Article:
Prospective cohort study of HIV incidence and molecular characteristics of HIV among men who have sex with men(MSM) in Yunnan Province, China.

Published: January 4, 2013

Abstract
ABSTRACT:

BACKGROUND: Yunnan has the largest number of reported HIV/AIDS cases among all Chinese provinces, the reported prevalence of HIV among Yunnan men who have sex with men (MSM) passed 10%, while HIV incidence epidemic and molecular characteristics of new infected Yunnan MSM were not evaluated before.
METHODS:

An 18 months prospective followed up with a frequency of 3 month per visit were conducted among HIV seronegative MSM in Kunming cityduring 2009–2011. Interviewer-administrated questionnaires were carried out. Blood specimens were obtained to test for syphilis and HIV, in which HIV were evaluated by standard HIV enzyme immunoassay (EIA) and HIV nucleic acid amplification testing (NAAT). Near full-length regions of the HIV-1 were evaluated for subtyping, primary drug resistance mutations.
RESULTS:

During the follow-up 70.1% of the recruited 378 MSM retained in the cohort. Eleven MSM seroconverted to HIV and fifteen MSM seroconverted to syphilis. The HIV incidence and syphilis incidence was 3.5 (95%CI 1.8-6.2) cases /100 person year(PY) and 5.3(95%CI 3.0-8.7) cases/100 PY, respectively. Multivariate analysis showed that baseline syphilis infection (aHR, 17.7), occupation (students vs. others [aHR, 5.7], retirees vs. others [aHR, 4.1]), bleeding experience after receptive anal intercourse(aHR,7.6), and minority ethnic(vs. Han) [aHR, 5.7] were independent risk factors for HIV seroconversion(each P<0.05). Among the 7/11 successfully amplified near full-length sequences, 71.4% (5/7) were CRF01_AE, and 28.6% (2/7) were CRF07_BC. Two HIV transmission pairs were detected among seroconverted minority ethnic MSM.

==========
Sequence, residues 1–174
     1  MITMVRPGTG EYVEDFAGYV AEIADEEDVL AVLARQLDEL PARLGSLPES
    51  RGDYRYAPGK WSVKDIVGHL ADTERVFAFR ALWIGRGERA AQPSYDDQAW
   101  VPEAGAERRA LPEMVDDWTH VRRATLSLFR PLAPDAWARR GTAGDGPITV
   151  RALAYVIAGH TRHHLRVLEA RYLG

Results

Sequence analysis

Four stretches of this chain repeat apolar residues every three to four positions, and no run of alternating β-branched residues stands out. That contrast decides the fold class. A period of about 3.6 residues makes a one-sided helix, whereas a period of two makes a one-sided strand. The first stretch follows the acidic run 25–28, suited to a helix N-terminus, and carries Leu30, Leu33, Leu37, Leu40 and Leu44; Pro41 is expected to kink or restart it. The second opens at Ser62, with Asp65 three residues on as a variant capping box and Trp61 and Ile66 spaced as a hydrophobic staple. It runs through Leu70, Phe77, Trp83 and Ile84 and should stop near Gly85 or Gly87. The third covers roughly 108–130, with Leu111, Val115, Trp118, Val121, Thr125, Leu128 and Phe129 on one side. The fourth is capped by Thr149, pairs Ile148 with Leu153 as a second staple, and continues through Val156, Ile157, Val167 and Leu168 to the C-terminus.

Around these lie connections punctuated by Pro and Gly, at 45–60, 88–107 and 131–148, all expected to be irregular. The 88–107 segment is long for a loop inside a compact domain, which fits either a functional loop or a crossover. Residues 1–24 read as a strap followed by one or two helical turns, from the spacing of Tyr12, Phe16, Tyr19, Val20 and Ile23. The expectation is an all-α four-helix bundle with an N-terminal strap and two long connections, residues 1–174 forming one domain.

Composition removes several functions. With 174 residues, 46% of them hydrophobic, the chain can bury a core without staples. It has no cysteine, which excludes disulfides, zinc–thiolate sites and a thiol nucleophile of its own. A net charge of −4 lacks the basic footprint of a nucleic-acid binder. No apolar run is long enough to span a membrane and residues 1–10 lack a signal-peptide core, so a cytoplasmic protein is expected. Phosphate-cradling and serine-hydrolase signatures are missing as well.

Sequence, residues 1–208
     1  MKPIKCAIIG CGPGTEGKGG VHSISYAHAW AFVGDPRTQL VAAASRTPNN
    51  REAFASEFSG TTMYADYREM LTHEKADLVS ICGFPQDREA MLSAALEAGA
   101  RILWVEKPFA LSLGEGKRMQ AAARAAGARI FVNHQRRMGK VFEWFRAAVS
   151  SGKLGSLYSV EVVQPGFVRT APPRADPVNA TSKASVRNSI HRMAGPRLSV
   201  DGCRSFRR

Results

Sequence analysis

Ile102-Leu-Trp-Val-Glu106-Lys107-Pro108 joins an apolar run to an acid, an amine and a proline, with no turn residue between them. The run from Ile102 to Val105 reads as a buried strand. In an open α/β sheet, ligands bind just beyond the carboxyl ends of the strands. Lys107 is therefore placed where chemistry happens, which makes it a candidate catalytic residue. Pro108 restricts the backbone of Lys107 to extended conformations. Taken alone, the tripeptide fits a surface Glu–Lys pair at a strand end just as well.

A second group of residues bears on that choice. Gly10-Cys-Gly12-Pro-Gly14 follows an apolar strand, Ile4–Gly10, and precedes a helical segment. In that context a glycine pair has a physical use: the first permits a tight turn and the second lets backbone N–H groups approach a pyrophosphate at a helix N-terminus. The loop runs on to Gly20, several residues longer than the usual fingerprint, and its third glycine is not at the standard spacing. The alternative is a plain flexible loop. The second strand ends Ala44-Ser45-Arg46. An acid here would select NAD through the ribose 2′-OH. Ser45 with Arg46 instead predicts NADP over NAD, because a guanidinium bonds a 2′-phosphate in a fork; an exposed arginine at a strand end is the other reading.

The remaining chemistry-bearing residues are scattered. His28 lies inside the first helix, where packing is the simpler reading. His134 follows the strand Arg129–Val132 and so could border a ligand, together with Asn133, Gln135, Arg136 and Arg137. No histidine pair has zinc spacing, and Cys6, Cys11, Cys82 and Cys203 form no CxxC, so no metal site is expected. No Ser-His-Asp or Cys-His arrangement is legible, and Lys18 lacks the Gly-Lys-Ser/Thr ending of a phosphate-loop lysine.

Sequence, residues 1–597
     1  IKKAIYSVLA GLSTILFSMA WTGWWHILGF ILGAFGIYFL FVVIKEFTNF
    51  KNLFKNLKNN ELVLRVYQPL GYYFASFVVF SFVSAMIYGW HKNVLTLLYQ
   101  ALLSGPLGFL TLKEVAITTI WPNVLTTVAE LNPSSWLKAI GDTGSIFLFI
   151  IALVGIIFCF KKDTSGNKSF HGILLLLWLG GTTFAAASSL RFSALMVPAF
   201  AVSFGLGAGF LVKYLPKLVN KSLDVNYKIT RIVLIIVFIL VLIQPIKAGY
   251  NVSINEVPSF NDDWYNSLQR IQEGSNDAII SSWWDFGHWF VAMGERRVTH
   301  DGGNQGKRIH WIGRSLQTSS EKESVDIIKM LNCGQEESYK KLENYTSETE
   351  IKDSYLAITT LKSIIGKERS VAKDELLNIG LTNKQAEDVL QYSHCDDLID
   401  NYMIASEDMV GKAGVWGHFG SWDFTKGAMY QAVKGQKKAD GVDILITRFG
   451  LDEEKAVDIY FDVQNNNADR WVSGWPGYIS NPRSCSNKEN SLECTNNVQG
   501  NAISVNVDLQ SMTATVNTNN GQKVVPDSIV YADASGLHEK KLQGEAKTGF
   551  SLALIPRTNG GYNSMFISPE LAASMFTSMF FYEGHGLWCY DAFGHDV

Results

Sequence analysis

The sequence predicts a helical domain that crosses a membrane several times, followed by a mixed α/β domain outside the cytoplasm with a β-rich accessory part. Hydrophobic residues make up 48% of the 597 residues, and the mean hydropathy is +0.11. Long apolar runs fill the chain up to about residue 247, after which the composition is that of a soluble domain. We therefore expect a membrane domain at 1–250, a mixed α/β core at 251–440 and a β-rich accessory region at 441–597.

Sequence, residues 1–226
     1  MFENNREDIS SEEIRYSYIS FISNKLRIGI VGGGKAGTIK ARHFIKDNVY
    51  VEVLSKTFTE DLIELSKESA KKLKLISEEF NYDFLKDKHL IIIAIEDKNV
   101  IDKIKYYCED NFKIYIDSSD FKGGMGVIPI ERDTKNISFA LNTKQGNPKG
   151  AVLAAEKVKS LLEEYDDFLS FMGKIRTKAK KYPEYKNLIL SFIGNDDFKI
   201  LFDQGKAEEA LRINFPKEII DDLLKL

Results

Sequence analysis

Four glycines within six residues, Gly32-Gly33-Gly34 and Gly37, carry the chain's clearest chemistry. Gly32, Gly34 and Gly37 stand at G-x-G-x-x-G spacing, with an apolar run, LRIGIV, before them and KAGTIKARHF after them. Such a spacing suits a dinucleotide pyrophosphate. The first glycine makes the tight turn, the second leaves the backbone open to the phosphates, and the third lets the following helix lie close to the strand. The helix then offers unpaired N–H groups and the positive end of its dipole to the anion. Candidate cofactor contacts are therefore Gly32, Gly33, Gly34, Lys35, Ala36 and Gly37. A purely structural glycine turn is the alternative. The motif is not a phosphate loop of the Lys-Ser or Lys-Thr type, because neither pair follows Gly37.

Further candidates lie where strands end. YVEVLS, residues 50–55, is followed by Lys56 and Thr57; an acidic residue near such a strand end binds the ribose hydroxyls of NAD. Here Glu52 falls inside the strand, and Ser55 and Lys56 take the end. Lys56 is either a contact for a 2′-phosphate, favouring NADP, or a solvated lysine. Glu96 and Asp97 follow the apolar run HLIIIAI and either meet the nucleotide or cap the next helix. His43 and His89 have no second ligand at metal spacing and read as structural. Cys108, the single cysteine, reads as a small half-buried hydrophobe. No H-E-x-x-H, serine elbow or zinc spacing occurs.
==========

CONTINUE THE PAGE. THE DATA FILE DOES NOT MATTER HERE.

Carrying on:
CONCLUSIONS:

HIV incidence was moderately high among Yunnan MSM. Yunnan province need to strengthen both HIV and syphilis screening among MSM population. Some subpopulations of MSM, such as students, retirees and minority ethnic groups require more HIV epidemic surveillance and strengthened behavior interventions. HIV subtypes and primary drug resistance should be continually monitored to track cross-group transmission of HIV strains.

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